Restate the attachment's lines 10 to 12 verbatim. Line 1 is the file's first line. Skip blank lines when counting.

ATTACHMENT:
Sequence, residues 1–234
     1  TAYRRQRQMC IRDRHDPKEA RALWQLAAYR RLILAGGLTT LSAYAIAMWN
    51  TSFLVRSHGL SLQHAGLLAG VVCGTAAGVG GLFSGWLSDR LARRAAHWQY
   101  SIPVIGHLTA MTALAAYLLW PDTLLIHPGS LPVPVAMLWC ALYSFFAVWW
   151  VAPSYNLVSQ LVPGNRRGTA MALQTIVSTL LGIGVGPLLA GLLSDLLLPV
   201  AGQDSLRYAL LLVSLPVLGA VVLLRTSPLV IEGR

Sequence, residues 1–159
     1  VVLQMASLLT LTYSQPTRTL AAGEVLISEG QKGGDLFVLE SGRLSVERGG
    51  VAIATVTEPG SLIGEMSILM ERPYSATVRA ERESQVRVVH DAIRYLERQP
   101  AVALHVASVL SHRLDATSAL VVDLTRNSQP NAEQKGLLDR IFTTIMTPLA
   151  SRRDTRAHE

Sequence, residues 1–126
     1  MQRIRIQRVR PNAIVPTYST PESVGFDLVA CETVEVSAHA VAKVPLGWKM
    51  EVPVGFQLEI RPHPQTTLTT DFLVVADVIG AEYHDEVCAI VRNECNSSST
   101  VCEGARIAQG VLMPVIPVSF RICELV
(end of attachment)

   101  AVALHVASVL SHRLDATSAL VVDLTRNSQP NAEQKGLLDR IFTTIMTPLA
   151  SRRDTRAHE

Sequence, residues 1–126